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‘An ugly chapter in our nation’s history’

2009: Australian Government delivers national apology to ‘Forgotten Australians’ and former child migrants

National Archives of Australia A12111, 1/1956/4/124
2000 Today

Use the following additional activities and discussion questions to encourage students (in small groups or as a whole class) to think more deeply about this defining moment.

Questions for discussion

1. Do you think Prime Minister Kevin Rudd’s speech was an appropriate and effective way for the Australian Parliament to acknowledge the trauma of the victims of institutional homes? Give reasons for your answer.

2. Do you agree with the National Museum of Australia that the national apology to the ‘Forgotten Australians’ and former child migrants is a defining moment in Australian history? Explain your answer. 

Image activities

1. Look carefully at all the images for this defining moment. Tell this story in pictures by placing them in whatever order you think works best. Write a short caption under each image.

2. Which three images do you think are the most important for telling this story? Why?

3. If you could pick only one image to represent this story, which one would you choose? Why?

Finding out more

1. What else would you like to know about this defining moment? Write a list of questions and then share these with your classmates. As a group create a final list of three questions and conduct some research to find the answers.

<p>National Apology to the Forgotten Australians and Former Child Migrants, Great Hall at Australian Parliament House</p>
National Museum of Australia

WARNING: This page contains some difficult and potentially distressing content.

In a snapshot

Throughout the early to mid-1900s hundreds of thousands of Australian children were removed from their families and placed in institutions run by charities or the government. Child migrants from Britain and Malta were also placed in these institutions. Life was hard for the children living in them, and many suffered from abuse and neglect. In 2009 Prime Minister Kevin Rudd apologised on behalf of the nation to the ‘Forgotten Australians’ and former child migrants.

National Apology to the Forgotten Australians and Former Child Migrants, Great Hall at Australian Parliament House

Findout icon Can you find out?

1. Which children were likely to be put into institutional homes?

2. What happened to many children while at charitable or welfare institutions?

3. What did the 2000 and 2003 Senate inquiries recommend? 

Why were children removed from their homes?

Between the 1910s and 1960s around 400,000 children born in Australia were removed from their families and placed in charitable or welfare institutions. The reasons given for their removal included poverty, abuse and absent parents. These children have become known as the ‘Forgotten Australians’, but some people prefer the term ‘care leavers’.

These Australian children lived alongside migrant children. Some child migrants had been abandoned by their parents; others were removed from their families. Between 1912 and the 1960s around 7000 migrant children were sent to institutions around Australia. Most were from Britain, but some were from Malta. Almost all came from disadvantaged backgrounds. Child migrants were usually between eight and 13 years old but some were as young as three.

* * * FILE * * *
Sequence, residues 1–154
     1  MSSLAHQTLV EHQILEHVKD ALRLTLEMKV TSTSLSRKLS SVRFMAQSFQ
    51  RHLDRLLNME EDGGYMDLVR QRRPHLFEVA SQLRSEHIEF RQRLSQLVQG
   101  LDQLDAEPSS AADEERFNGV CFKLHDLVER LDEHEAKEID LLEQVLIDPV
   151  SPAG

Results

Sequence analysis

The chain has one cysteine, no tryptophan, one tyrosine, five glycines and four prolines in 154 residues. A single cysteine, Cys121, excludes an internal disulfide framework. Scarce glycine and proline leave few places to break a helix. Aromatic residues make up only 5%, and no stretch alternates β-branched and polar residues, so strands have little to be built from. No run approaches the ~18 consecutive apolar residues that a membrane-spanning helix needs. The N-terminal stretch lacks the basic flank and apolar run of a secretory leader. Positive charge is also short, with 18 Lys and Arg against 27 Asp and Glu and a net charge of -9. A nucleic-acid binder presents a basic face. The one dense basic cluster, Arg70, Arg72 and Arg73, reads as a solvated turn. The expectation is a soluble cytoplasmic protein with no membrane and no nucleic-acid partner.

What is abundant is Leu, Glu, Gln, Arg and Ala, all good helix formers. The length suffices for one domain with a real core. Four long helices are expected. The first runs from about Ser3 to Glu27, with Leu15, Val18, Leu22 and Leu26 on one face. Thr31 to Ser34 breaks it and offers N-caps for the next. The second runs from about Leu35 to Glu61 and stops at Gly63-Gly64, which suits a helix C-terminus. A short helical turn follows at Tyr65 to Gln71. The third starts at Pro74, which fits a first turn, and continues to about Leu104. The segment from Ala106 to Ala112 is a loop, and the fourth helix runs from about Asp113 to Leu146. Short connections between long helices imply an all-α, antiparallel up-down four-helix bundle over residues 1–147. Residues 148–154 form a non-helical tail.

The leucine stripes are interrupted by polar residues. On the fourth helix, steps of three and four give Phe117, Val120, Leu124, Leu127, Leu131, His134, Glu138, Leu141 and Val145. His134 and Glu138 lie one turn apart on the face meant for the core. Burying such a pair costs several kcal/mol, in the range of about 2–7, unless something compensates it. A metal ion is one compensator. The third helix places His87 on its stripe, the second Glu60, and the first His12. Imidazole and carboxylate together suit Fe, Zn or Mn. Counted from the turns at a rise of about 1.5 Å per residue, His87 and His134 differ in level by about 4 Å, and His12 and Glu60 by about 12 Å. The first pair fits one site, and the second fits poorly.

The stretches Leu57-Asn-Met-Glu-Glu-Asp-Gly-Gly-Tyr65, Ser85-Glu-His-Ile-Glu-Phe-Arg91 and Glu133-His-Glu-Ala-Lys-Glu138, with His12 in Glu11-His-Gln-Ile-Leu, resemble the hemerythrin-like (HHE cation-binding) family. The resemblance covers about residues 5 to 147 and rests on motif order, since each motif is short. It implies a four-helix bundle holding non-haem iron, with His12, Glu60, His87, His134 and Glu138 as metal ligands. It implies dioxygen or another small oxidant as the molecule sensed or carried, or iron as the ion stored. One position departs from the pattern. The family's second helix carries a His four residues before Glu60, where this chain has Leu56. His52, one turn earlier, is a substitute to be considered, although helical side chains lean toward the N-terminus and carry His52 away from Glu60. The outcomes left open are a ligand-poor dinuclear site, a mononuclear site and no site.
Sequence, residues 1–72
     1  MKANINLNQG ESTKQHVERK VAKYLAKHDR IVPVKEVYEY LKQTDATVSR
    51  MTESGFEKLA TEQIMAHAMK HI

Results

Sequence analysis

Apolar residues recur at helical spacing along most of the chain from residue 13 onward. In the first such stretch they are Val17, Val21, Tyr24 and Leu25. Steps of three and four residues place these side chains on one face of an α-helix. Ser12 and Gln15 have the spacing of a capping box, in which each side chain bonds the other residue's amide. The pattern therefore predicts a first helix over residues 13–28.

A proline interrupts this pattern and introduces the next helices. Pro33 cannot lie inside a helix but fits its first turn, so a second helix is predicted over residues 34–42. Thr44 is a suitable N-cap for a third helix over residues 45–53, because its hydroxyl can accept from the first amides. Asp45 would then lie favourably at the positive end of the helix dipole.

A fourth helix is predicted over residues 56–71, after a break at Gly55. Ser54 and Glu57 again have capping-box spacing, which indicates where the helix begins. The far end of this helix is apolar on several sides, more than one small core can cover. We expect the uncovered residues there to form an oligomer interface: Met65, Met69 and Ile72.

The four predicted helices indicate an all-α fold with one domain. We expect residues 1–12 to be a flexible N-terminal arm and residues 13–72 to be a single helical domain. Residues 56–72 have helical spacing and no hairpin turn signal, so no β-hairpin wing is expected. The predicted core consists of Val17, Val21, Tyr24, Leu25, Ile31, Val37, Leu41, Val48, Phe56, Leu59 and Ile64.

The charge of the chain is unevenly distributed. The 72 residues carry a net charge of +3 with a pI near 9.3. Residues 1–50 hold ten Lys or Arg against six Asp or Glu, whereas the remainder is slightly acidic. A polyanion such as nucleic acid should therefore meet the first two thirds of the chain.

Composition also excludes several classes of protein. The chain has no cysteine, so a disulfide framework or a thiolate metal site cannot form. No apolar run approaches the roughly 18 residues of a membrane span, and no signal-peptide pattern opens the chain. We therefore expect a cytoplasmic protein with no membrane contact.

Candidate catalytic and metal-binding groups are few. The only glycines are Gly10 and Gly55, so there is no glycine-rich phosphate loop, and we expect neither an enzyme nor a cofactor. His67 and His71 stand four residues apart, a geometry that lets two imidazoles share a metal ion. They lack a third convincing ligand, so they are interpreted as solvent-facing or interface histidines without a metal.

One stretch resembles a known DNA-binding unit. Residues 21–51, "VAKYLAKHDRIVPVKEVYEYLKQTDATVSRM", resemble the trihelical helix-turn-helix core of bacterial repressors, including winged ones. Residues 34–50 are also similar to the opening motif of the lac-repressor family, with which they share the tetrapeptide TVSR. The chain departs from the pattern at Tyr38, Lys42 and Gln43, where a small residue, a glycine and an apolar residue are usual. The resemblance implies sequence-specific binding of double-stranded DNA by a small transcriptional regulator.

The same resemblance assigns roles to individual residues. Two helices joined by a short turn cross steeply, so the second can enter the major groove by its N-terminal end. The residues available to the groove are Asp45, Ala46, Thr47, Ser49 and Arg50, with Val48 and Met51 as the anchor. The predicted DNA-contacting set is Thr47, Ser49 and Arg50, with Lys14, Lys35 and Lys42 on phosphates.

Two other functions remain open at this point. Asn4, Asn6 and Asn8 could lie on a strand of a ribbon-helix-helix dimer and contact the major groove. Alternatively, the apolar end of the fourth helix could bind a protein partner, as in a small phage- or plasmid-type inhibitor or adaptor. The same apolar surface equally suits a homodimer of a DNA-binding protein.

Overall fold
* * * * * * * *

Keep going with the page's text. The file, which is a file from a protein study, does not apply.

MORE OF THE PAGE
What were conditions like for ‘Forgotten Australians’ and child migrants? 

Life in institutions was very difficult for children. Sometimes children’s names were changed or they were given numbers instead of names. Children were not allowed to own things or contact their families. Many children were neglected, abused and made to do dangerous work. If they told an adult about their treatment they were not believed.

Many of the institutions closed in the 1970s as new government programs meant children were placed in smaller group homes or foster care.

<p>Dalwood Children’s Home, Seaforth, on Sydney’s North Shore, 1929</p>

State Library of NSW Home and Away - 5538, IE1484402 FL1484410

<p>Dalwood Children’s Home, Seaforth, on Sydney’s North Shore, 1929</p>

What led to the Senate inquiries into institutional care?

During the 1980s and 1990s many people who had lived in institutions as children began to talk about their experiences. 

In 2000 and 2003 two Senate inquiries investigated how ‘Forgotten Australians’ and child migrants had been treated. They listened to evidence from many people who had lived in institutions as children. The Senate inquiry reports showed that these children had experienced abuse and neglect.

The Senate inquiries recommended that the government apologise to the victims of institutional care. 

Research Task

 

Read Kevin Rudd’s apology speech.

Department of Social Services

‘We come together today to deal with an ugly chapter in our nation’s history … To say to you, the Forgotten Australians, and those who were sent to our shores as children without your consent, that we are sorry.’

Prime Minister Kevin Rudd, 2009

What did Kevin Rudd say in the national apology?

On 16 November 2009 Prime Minister Kevin Rudd apologised on behalf of Australia to ‘Forgotten Australians’ and former migrant children who had suffered in institutions throughout the 1900s. It was hoped that this apology would help people to heal. 

In his speech Rudd promised to provide financial help to ‘Forgotten Australians’ and former child migrants. Also, he said that their stories would be recorded and remembered in places like the National Library of Australia and National Museum of Australia.

Findout icon What did you learn?

1. Which children were likely to be put into institutional homes?

2. What happened to many children while at charitable or welfare institutions?

3. What did the 2000 and 2003 Senate inquiries recommend?